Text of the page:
These inserts are found on Cinelli XA stems and I really don't even know why they are there.
I mean they sort of don't serve any function but I felt compelled to change it out anyways:

Is it to keep out dust and dirt?
Does it act as a shim to prevent over tightening?
A clever marketing ploy by Cinelli go squeeze more money out of folks like me?
Whatever it is, I just had to change it out and get me a blue one.
The old one was black and since I had a choice, well I had to get me the blue.
I gotta say I felt pretty darn silly for you can't even see it unless you look real hard and it's pretty ridiculous to pay for a little piece of plastic.
Still, it was keeping my up at night and now I feel a lot better.
If you know what I mean.
Speaking of keeping you up at night, I got this new book and I can imagine some of the sleepless nights this thing has caused:

That's right self torture fans!
Paris-Roubaix, A Journey Through Hell.
A nice coffee table book by Phillipe Bouvet, Pierre Callewaert, Jean-Luc Gatellier, and Serge Laget, it pretty much tells the story of the bicycle race.
I haven't gotten into actually reading it yet because the photos are just awesomely spectacular.
No really.
It's even better than watching it on TV I swear!
In fact, don't even buy it to read, just get it for the pictures!

Boy, I hope I don't get in trouble for using that image, but I that's what I'm talking about.
All the drama and stuff you don't see, it's right here in this book.
Flat Tire highly recommended.
If you're into that kind of stuff.
It was only like fourteen bucks from a used book seller on Amazon and I swear it's the best fourteen bucks I ever spent!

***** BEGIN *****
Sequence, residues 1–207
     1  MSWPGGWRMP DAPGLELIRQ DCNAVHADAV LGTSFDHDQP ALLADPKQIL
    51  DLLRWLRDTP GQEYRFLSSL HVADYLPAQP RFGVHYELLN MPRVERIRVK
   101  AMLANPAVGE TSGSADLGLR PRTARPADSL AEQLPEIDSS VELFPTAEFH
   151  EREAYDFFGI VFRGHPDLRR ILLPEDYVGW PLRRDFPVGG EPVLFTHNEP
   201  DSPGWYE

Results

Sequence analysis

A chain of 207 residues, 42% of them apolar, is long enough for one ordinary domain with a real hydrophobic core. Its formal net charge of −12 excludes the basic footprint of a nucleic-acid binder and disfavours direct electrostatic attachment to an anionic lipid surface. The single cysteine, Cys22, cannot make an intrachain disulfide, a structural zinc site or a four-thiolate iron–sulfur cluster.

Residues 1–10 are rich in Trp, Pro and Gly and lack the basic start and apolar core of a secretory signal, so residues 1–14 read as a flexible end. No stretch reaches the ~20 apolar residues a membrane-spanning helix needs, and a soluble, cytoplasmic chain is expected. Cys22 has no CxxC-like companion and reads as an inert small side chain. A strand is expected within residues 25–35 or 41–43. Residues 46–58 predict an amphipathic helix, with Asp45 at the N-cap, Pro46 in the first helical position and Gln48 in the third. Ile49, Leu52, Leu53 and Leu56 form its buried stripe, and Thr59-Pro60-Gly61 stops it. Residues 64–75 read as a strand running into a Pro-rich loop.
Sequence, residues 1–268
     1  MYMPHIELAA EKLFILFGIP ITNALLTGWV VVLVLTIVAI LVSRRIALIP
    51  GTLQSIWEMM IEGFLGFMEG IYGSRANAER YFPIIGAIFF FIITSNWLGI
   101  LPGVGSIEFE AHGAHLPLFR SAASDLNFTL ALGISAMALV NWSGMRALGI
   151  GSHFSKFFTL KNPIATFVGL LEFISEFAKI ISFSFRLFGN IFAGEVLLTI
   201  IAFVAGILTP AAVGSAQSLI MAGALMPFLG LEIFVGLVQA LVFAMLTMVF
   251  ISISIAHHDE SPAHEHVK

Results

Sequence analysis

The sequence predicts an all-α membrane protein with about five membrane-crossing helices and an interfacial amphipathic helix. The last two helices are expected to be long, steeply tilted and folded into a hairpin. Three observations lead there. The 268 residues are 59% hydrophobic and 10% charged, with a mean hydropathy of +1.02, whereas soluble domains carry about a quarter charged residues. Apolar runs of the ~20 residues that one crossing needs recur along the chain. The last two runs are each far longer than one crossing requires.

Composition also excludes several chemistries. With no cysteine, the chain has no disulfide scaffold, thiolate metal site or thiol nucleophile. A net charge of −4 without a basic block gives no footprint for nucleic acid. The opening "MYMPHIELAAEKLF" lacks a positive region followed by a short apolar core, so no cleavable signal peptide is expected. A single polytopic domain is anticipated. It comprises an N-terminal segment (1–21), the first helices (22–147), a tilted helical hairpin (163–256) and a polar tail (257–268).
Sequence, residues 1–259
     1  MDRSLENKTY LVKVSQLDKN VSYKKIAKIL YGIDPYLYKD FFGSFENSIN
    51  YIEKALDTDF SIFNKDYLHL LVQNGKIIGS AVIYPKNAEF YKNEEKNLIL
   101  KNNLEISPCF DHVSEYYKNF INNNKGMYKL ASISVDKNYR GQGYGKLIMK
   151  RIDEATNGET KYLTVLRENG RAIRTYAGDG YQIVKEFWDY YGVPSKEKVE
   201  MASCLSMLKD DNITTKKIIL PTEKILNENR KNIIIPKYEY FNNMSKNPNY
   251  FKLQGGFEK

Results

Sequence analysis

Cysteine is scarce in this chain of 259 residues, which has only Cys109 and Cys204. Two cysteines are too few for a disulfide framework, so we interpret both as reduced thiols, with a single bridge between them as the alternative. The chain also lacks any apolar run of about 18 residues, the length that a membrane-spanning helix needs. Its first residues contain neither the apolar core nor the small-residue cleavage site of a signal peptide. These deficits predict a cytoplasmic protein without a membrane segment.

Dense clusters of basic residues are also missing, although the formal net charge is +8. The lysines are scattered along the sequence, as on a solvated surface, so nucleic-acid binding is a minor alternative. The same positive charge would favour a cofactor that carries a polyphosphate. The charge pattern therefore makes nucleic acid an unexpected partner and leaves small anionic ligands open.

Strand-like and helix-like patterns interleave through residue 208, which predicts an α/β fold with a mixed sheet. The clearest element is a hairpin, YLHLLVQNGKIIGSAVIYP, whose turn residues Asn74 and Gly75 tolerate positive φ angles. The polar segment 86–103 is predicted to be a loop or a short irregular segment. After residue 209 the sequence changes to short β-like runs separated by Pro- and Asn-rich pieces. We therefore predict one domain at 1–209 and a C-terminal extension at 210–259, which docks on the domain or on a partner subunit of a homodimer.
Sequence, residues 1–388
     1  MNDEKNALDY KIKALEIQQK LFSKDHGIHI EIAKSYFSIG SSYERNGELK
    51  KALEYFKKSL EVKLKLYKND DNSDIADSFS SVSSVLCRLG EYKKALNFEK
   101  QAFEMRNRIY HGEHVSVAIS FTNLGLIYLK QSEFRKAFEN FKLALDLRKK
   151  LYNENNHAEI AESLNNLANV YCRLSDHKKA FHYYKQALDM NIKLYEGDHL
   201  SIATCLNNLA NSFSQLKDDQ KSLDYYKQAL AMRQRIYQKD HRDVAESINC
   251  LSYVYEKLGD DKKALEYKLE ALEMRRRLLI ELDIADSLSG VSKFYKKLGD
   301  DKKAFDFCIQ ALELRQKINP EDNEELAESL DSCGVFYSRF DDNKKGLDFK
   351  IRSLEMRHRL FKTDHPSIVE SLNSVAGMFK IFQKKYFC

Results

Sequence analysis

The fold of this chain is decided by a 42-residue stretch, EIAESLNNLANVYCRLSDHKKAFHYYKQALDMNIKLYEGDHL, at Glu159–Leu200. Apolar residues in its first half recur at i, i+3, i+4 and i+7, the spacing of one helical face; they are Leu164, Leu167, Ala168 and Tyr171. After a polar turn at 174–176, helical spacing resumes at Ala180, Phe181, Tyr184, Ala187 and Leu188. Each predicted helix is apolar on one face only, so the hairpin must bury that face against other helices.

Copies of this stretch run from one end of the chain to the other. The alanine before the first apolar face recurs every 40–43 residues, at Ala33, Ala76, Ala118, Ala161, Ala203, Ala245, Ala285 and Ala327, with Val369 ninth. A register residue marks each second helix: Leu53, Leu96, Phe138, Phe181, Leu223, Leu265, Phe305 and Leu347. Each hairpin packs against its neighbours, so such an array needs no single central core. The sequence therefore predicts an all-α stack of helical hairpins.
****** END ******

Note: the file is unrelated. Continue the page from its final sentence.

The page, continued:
I mean I gave up a burrito to get this book!
Maybe two burritos.
Seriously if you get this book and don't like it, let me know and I'll buy it from you so that I can have two of em.
One for the coffee table and one to carry around with me while I ride.
For inspiration don't you know.
So anyways, that's what I'm doing tonight, reading up on the Hell of the North.
Maybe I'll have an awesome dream of me a huffing and a puffing and destroying the peloton and making gravel of them cobbles and flying through the dust and the mud and entering the velodrome with my arms raised and...
Okay, maybe not.

Wednesday, August 17, 2011

Wednesday Cactus Update!

Time to check in on the ole Cactus Army!
After sustaining some early casualties, the brigade seems to have recovered and is doing quite nicely.
First the Saguaro one year ago:

That's the Saguaro on the left and the neobuxbaumia on the right.
More on the neobux later.
The Saguaro today.
Well okay, a couple of days ago:

That's some eulychina breviflora on top and the Saguaro on the bottom.
Now the Saguaro may look like they've progressed a lot, but let's compare them to the neobuxbaumi:

Okay, that one is something of mutant, for the others are in the back.
I'm not sure why only one of them has seemed to have taken to the skies.
Maybe it's been doing some intervals while I'm not looking.
Here's the agave:

That survived a leaf attack a while back.
I'm getting my still ready.
I didn't say that.
The much anticipated opuntia:

This one popped out a couple of months ago after the first batch was eaten during a rodent attack.
I may put a cage around this one.
It's starting to look plump and delicious.
The opuntia it seems, are seasonal, like they sprout only after winter or something.
I've read of folks freezing the seeds to simultate those conditions, then planting them later.
Very strange.
Actually not so strange as all these cactuses and succulents seem to grow during the winter months.
I mean it's not like we have winter months here, but I noticed more growth during that time.
I guess it makes sense, the plants slow down growth activity during the summer, when water would be scarce, and hit the gas during the winter when there is less sunshine and moisture can be used for growth rather than survival.
This is all very new and untropical like for me.
It's interesting to see nature in action and how even plants evolve to survive in a particular climate.
I mean even when relocated to a much different place, the growth pattern remains the same.
Except for that mutant one.
The X-Cactus.
I'm a little frightened by that one.
Anyways, I don't think I would have noticed this in grown plants; seeing them grown them from seeds is pretty interesting.
In a watching paint dry kind of way.